Slaying the Two Goliaths

Did he write the words himself? Or, did he riff them from another source?istock_000001115184small_man_with_arms_raised

Some still wrangle these questions, but this much is true. In 1943, during some of the darkest days of WWII, Reinhold Niebuhr – pastor, theologian, seminary professor – concluded his sermon at a church in Heath, Massachusetts with these words. “God give us grace to accept with serenity the things that cannot be changed, courage to change the things that should be changed, and the wisdom to distinguish the one from the other.”

Slightly altered…forever immortalized…this became The Serenity Prayer, one of the most recognized petitions on our planet.

We who find strength in Twelve Step fellowships will tell you this: putting flesh on this prayer is a daily discipline. We especially need courage to change our thinking about the two greatest killers of serenity: fear and resentment.

Meet the two Goliaths that threaten to undo us.

Fear, worry, anxiety: it’s a form of insanity too many of us indulge, whether it be fears about our health, our families, our finances, or any other shadow from the future. These fears range from irritants nibbling at the fringe of our consciousness to full blown obsessions. And if we are the fortunate ones who shoulder responsibility, we may justify our stress with the adage that “it’s a dirty job but somebody’s gotta do it.”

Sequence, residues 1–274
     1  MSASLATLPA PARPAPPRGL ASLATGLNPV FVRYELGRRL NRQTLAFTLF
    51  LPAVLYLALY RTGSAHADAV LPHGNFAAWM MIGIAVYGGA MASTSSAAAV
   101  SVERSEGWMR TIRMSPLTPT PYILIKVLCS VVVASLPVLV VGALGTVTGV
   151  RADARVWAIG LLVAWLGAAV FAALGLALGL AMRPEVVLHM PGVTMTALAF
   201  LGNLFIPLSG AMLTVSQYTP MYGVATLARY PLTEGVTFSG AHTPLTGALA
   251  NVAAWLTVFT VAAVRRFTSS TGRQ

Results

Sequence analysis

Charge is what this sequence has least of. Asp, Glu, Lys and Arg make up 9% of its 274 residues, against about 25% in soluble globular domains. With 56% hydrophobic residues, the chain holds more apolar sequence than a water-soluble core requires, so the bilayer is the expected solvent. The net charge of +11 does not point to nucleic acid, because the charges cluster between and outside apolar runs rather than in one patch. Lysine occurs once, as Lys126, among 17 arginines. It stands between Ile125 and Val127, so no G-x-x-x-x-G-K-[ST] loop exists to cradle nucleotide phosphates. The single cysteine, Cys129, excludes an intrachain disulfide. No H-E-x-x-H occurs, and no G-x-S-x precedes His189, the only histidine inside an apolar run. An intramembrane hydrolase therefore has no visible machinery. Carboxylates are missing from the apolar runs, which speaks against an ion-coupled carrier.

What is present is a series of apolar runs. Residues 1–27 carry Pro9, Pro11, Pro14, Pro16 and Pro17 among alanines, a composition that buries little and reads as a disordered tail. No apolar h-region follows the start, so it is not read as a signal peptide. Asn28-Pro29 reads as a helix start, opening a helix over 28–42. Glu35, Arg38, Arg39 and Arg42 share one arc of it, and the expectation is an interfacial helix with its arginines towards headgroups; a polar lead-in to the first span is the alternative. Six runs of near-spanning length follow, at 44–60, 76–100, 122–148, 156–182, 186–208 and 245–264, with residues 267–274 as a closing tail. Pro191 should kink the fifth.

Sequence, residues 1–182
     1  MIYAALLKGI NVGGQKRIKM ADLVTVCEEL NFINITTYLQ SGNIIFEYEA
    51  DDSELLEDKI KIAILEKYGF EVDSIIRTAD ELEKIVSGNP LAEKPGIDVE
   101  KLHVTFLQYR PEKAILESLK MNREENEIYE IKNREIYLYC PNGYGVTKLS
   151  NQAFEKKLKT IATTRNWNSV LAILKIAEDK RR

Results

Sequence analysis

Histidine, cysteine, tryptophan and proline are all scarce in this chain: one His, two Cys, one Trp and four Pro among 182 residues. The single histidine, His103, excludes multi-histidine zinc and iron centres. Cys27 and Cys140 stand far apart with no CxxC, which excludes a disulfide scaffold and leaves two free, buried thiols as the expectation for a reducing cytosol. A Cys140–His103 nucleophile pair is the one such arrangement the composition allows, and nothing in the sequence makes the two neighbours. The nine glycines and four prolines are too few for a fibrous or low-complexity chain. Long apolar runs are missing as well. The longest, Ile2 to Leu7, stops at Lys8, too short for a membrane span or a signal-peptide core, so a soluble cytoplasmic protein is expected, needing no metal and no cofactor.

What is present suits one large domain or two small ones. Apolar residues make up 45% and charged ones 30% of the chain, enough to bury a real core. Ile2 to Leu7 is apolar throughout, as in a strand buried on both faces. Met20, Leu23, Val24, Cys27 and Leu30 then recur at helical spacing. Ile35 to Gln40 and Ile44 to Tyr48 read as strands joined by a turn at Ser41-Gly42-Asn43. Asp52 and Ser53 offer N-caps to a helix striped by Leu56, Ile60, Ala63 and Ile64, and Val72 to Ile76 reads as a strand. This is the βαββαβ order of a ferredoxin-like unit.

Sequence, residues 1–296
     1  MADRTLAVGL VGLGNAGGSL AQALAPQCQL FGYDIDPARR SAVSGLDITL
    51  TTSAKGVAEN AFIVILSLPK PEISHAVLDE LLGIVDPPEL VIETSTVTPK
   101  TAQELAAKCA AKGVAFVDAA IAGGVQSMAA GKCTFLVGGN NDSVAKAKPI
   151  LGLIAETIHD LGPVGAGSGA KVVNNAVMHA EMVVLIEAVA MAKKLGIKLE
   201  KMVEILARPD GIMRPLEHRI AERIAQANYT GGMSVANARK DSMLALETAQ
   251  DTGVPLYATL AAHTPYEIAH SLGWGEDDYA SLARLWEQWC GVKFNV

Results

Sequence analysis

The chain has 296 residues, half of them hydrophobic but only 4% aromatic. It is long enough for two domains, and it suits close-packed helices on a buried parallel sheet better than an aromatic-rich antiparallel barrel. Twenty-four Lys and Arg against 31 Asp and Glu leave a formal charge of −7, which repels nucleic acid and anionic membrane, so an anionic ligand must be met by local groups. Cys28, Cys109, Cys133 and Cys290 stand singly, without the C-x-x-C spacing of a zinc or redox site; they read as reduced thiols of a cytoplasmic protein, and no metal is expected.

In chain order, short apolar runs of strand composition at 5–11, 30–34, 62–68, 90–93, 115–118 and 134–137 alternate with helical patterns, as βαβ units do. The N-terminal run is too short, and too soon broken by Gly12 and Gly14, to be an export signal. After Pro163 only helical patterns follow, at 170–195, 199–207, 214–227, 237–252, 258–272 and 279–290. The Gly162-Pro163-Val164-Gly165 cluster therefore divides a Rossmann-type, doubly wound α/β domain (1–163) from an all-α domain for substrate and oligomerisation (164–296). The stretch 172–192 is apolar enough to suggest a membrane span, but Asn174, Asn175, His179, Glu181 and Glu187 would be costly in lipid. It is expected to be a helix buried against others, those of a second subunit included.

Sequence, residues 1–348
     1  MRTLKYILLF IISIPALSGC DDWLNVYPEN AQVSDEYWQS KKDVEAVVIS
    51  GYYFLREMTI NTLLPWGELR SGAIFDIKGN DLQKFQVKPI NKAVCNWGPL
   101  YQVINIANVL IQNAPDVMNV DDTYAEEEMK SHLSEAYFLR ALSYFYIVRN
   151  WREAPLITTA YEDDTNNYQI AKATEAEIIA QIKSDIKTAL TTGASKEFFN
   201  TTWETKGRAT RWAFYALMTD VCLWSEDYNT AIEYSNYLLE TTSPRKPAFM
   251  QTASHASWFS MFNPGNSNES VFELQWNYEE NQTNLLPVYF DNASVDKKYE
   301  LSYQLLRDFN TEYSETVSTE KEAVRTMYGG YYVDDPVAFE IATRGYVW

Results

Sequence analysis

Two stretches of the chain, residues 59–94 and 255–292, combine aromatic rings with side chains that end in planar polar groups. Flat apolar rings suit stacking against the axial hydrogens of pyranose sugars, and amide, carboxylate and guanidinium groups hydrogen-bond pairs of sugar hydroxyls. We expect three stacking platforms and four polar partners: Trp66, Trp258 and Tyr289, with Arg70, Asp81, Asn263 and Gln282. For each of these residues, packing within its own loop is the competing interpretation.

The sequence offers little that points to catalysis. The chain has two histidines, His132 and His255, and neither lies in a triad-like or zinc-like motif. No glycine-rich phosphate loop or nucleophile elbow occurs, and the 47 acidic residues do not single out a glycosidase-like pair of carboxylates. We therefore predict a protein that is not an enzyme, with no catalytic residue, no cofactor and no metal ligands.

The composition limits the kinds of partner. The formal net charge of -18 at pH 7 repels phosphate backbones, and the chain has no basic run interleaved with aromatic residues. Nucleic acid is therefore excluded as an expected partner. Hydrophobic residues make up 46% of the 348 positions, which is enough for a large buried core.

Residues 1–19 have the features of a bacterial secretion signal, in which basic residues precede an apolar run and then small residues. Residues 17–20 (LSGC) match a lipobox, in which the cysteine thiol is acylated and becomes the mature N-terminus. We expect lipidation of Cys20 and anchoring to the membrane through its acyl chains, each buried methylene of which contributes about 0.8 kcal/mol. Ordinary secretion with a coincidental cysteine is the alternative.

“Worry” comes from the Old English wyrgan, meaning “to strangle.” Could it be any clearer? The abundant flow of life, fully streaming in this moment, choked to a miserable dribble.

There’s a simple but eternal sentence spoken by Jesus in what we call his Sermon on the Mount. “Which one of you by worrying can add a single hour to your life?” The genius is in that word “hour.” Not years, months, even days. Our futile anxiety cannot add a single hour! As Jesus said, “Let those who have ears really hear.”

RESENTMENT, ANGER, UN-FORGIVENESS: they infuse our world with poison. “Resentment” comes from the Latin sentire, meaning “to feel.” So, at its root, resentment means to re-feel, re-experience, negative emotions from a prior wound. That injury may have come from a real transgression against us. It may simply be self-scarring from our prideful egos. It may be aimed at ourselves for chances missed, mistakes made. Whatever the object of this re-feeling, the result is cancerous.

HERE’S THE REASON FOR THIS POST. We must find ways to slay these two Goliaths on a daily basis. If you think of life (I HOPE YOU DO!) as learning to treasure every day, our fullness of life depends on this.

In Twelve Step groups, we speak of “a daily reprieve based on the maintenance of our spiritual condition.” How do we claim this Cinderella liberty? DISCIPLINE. Mental, physical, and spiritual practices that help us banish fear and resentment. There are so many! Find one that works for you, like:

  • Meditation that allows this blessed moment to wash over us and cleanse us.
  • Daily gratitude, especially for past evidence that our Creator has brought us through trial after trial.
  • A crisp walk surrounded by the beauty of nature, glimpsing eternity and our humble place within it.
  • An act of love that transforms our self-indulgence into a blessing for others.
  • Forgiving and asking for forgiveness.

Do you have a discipline? If not, please find one. I am a man who squandered far too many years on fear and resentment. Let’s whisper this prayer together on our daily journeys…

“God grant me the serenity to accept the things I cannot change, the courage to change the things I can, and the wisdom to know the difference.”

 

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